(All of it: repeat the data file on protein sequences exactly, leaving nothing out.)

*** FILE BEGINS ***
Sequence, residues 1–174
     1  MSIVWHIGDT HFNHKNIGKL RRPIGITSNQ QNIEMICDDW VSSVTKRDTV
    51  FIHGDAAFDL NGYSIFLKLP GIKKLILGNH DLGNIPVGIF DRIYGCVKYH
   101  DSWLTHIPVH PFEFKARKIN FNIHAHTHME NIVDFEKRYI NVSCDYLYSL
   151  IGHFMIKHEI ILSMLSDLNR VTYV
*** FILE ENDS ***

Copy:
Sequence, residues 1–174
     1  MSIVWHIGDT HFNHKNIGKL RRPIGITSNQ QNIEMICDDW VSSVTKRDTV
    51  FIHGDAAFDL NGYSIFLKLP GIKKLILGNH DLGNIPVGIF DRIYGCVKYH
   101  DSWLTHIPVH PFEFKARKIN FNIHAHTHME NIVDFEKRYI NVSCDYLYSL
   151  IGHFMIKHEI ILSMLSDLNR VTYV